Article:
11. The method of claim 10, wherein step d) includes multiplying the output signal by a scale factor to obtain a scaled output signal.

12. The method of claim 11, wherein the scale factor is unity.

13. The method of claim 11, wherein the scale factor depends on the determined frequency to compensate for frequency-dependent gain changes of the filter.

14. The method of claim 10, wherein the vehicle-wheel-event control signal is determined from the scaled output signal and a predetermined wheel control curve.

15. The method of claim 14, wherein the vehicle-wheel-event control signal is an electric current.

16. The method of claim 15, wherein the controllable suspension damper is a magnetorheological damper.

17. The method of claim 14, wherein the predetermined lowest wheel event frequency corresponds to the natural frequency of the suspension spring, the controllable suspension damper, and the mass of the vehicle wheel.

18. The method of claim 17, wherein the predetermined low value is 10 Hertz and the predetermined high value is 20 Hertz.

19. The method of claim 14, wherein the filter is a lead-lag filter.

20. A method for controlling a magnetorheological suspension damper for a vehicle wheel comprising the steps of: a) obtaining an input signal corresponding to the vertical velocity of the vehicle wheel; b) filtering the input signal with a lead-lag filter to obtain an output signal; c) determining the frequency of the input signal using the magnitudes of the input and output signals; d) applying a vehicle-wheel-event control signal to the magnetorheological suspension damper for at least some determined frequencies greater than a predetermined low value; and e) applying no vehicle-wheel-event control signal to the magnetorheological suspension damper if the determined frequency is below the predetermined low value, wherein the predetermined low value differentiates between a vehicle wheel event and a vehicle body event.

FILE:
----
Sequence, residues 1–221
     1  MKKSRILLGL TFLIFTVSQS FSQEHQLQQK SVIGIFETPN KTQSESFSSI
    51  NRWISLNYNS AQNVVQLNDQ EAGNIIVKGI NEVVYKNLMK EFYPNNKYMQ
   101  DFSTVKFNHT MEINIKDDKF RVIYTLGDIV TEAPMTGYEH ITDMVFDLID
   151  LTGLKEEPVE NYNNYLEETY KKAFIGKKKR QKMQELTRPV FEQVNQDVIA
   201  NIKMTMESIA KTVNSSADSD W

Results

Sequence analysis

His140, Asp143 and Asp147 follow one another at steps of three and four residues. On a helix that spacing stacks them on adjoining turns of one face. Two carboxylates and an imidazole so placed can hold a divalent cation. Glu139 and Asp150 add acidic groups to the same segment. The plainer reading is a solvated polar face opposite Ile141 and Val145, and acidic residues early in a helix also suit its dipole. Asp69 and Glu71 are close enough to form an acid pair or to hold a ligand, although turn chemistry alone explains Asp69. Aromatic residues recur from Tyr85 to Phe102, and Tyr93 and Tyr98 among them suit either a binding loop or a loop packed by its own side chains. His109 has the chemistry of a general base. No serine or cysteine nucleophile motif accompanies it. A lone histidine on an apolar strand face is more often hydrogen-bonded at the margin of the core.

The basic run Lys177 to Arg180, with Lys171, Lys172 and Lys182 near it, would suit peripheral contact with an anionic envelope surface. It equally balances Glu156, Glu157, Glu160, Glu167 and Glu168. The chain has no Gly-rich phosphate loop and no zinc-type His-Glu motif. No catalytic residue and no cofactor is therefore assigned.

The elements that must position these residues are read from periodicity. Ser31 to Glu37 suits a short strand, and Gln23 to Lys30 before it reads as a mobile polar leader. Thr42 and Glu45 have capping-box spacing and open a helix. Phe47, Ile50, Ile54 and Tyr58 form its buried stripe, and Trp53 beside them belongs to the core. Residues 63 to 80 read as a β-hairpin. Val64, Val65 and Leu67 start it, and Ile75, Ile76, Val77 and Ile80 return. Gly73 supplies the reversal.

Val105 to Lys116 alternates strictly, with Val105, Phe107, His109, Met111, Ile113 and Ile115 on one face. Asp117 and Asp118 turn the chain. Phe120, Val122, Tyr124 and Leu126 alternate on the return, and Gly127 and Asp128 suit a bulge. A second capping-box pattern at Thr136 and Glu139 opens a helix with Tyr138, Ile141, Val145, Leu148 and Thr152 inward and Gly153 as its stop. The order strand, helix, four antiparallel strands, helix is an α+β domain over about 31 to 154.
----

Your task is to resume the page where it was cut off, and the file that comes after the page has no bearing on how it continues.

Description:

TECHNICAL FIELD

The present invention relates generally to vehicle dampers, and more particularly to a method for controlling a controllable suspension damper for a vehicle wheel and to a method for differentiating between a wheel event and a body event.

BACKGROUND OF THE INVENTION

Known controllable suspension dampers for a vehicle wheel include magnetorheological suspension dampers and hydraulic-valve suspension dampers. A known method for controlling a magnetorheological (MR) suspension damper for a vehicle wheel includes obtaining the vertical velocity of the vehicle wheel. The vertical velocity of the vehicle wheel is the velocity of the vehicle wheel in a direction substantially perpendicular to the road surface. The known method uses a band-pass filter designed to favor passing vertical velocity signals having a frequency band (typically 10 to 20 Hertz) within the wheel event range (typically 10 Hertz or greater). An example of a wheel event is a wheel hop occurring when a wheel passes in and out of a disturbance in the road. A wheel event is different from a body event which produces a vertical velocity signal typically in the range of 1 to 3 Hertz. An example of a body event is a when the body of the vehicle moves (pitches, heaves, and then pitches again) after it goes up and over a dip in the road. The magnitude of the band-passed filtered signal remains fairly constant over the wheel event frequencies, but the phase of the filtered signal does not. The filtered signal is used in a calibratable look-up table, based on a predetermined wheel control curve, to obtain the MR damper control current, which is always applied to the MR suspension damper.

What is needed is an improved method for controlling a controllable suspension damper for a vehicle wheel event and an improved method for differentiating between a wheel event and a body event.

SUMMARY OF THE INVENTION